We recently saw a great candidate decline an offer extended shortly after their first interview. While flattered, they didn’t feel like they had enough information to make such a big decision after a 45-minute conversation.
This raises the question: Is the one-and-done interview really the best solution to a competitive market?
The interview process is an investment for both employers and candidates. While it’s important to respect the time of everyone involved, it’s equally essential that the candidate has the information they need to enthusiastically accept an offer.
Our advice for balancing urgency with real connection during the hiring process?
Create multiple opportunities for conversation:
Starting with an initial interview hosted on Zoom. A virtual conversation is a lower lift for everyone involved, and could even be scheduled over lunch to accommodate their schedule. This conversation creates an opportunity for both sides to get to know each other and determine if the job would be a good fit. The employer can share about the company’s history and culture and why the role is open, and the candidate can express their interest in the role and decide if they’d like to move forward with a second interview. We consider 2-3 interviews to be the Goldilocks zone!
Commit to timely and frequent communication:
This is especially helpful between interviews! Keeping a candidate informed by letting them know about next steps and when they can expect to hear from you signals their value and builds trust throughout the hiring process. Be sure to follow through with your word to be in touch when you say you will — and keep them in the loop regarding any shifting timelines.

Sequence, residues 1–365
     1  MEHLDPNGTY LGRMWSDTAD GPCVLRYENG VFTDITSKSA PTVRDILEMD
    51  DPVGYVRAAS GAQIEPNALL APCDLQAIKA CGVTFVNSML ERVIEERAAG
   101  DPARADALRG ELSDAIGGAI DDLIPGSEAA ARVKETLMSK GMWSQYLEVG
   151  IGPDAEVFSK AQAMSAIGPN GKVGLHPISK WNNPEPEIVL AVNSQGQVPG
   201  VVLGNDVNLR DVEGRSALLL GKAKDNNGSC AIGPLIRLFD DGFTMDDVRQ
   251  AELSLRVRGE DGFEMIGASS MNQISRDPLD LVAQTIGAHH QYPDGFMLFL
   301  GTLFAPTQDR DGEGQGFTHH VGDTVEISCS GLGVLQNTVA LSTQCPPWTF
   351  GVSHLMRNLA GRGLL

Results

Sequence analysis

Relationships are more competitive than offers. If you managed the process well and the candidate still declines your offer, you’ve built a connection and the possibility of great word of mouth. Similarly, maybe you don’t end up offering the position to this candidate, but perhaps you can refer them elsewhere or hire them for something else down the line. The relationship is there and can be drawn on in the future.
There is no one size fits all solution to hiring, but if you prioritize relationship-building by creating opportunity for both sides to get to know each other and demonstrate your respect for their time with prompt communication, your chances of a successful, well-matched hire increase greatly.